The poem was sent to parents (inadvertently, I might add) with a memo meant for fellow teachers stating:
"Attached is a chant about President Barack Obama. All Kindergarteners will be required to learn the chant for the Black History program."
Joseph Beaver, the parent, was not amused- considering the poem far too political for his young child. He told KTRH News:
"You're not learning anything from it." "I can't sit there and say in 20 years I'm going to need to know his favorite baseball team was this. That's just useless information."
And he's right. Yes, it's Black History Month, and our President happens to be bi-racial (let's remember folks that his mother was white) but this so-called poem is pure drivel.
Gayle Fallon, of Houston's Cy-Fair teachers union, commended Beaver for complaining, and stated that it should have first been sent to administration for approval, which it wasn't.
"Just like you couldn't put something out advocating a specific religion, you can't with politics either."
"If the poem is overtly partisan political which it sounds like, they have a problem," he says. "If it was just saying we're having a black history program, it probably would not be a problem."
The teacher did apologize, and a statement by Assistant Superintendent Kelli Durham was sent to KTRH News:
"There has been a misunderstanding circulating about kindergarten teachers requiring students to recite a chant at Tipps. This resulted when a teacher inadvertently attached a note, intended for other teachers, to a parent communication that was sent home. A teacher reading the note would understand the inference: only kindergarten students whose parents wanted them to participate were "required" to learn a chant.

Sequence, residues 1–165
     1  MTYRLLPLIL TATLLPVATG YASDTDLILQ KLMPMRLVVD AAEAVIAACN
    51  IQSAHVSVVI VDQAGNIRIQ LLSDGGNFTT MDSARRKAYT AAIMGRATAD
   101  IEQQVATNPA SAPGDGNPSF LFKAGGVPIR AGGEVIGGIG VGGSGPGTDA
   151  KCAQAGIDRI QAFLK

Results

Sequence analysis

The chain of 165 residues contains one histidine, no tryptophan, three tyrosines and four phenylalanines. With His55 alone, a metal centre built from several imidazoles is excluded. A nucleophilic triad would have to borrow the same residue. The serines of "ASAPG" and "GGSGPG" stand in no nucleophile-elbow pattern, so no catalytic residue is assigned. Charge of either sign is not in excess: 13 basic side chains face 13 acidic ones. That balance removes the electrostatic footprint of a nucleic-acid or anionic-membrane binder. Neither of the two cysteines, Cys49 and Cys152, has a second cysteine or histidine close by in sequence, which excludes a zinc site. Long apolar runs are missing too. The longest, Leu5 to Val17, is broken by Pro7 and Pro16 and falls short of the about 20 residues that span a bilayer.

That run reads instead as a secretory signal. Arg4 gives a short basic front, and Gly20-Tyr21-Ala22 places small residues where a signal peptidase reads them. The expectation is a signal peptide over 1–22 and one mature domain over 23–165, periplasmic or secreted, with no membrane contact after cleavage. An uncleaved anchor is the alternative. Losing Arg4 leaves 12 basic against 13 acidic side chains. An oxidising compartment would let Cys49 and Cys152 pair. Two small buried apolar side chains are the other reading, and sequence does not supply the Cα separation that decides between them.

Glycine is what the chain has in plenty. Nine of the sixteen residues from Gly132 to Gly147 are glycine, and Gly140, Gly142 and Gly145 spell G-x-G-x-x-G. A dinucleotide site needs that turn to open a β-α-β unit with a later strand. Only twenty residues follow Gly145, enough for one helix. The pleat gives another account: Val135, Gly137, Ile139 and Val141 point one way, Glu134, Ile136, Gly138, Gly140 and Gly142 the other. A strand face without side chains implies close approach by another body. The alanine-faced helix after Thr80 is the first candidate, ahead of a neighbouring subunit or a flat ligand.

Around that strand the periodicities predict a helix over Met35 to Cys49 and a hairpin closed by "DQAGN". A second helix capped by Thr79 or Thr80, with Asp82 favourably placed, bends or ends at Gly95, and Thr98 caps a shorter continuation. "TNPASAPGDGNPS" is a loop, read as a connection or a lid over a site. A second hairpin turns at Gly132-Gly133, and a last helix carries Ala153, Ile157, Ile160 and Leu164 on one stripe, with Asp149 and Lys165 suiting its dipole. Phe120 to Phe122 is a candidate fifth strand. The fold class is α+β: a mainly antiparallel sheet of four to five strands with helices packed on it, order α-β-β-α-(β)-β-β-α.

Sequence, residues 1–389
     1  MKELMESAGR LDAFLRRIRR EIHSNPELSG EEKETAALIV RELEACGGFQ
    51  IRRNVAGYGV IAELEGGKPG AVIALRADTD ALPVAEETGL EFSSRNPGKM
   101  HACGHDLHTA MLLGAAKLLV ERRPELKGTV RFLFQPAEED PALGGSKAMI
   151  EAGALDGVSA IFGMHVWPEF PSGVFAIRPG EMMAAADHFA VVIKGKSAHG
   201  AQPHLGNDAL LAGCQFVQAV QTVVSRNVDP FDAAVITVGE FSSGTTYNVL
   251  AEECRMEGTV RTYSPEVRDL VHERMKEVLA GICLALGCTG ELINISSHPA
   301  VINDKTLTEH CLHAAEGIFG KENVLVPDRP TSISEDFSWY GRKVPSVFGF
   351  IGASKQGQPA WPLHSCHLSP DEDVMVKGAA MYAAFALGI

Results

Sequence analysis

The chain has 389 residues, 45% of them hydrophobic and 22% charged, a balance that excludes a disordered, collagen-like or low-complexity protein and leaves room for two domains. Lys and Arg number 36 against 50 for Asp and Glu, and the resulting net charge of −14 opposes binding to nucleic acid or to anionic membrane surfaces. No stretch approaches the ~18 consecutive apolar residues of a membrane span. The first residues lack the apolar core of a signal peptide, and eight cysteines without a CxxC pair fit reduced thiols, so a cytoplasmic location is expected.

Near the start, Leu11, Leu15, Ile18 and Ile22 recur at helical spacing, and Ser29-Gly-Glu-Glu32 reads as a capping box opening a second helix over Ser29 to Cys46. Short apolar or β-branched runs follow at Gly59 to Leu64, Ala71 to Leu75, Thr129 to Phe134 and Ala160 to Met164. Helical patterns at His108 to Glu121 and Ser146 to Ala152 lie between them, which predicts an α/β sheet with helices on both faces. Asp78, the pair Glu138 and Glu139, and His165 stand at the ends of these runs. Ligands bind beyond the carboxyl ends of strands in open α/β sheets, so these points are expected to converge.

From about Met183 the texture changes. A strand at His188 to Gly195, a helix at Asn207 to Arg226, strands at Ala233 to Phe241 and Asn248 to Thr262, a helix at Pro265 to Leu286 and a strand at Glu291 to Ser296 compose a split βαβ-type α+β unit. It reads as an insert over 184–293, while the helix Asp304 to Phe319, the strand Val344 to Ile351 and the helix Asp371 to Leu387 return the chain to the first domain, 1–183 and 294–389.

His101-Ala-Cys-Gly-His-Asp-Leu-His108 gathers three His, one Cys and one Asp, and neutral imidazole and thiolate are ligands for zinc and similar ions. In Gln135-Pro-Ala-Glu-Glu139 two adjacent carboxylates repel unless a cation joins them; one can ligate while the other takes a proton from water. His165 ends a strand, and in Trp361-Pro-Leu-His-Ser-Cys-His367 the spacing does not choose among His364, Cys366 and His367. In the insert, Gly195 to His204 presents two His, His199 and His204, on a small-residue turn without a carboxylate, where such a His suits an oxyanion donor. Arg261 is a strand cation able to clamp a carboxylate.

However, the chant selected by the kindergarten team of teachers was sent home prior to receiving principal approval. Seeking approval is a school practice for school programs and events. After the principal reviewed the poem, along with the selections that would be performed by students at other grade levels, she selected another activity recognizing President Obama --kindergarten's historical figure to recognize.
Last week, the count for participants was less than 150 students compared to school wide enrollment of more than 1,000 students, and of those 25 were kindergarten students."
Not everyone sees the poem as a problem. Sylvester Brown of Houston's Black Heritage Society asks,
"Is the teacher using it to express her views?" "I don't think you can look at it from that side unless you're specifically looking for something to complain about." "If they just sung a song about George Washington in class, would they say the same thing that's political?" "I mean, where's the contrast?"
Beaver believes there's no comparison:
"The 'cherry tree,' that teaches morals about trying to tell the truth," he says. "This poem didn't teach anything. As a public school system you need to educate people, not teach them little chants and stuff."
Had the poem been a bi-partisan tribute to black Democratic and Republican politicians (including Obama), I'm sure Beaver would never have complained, but it obviously was not.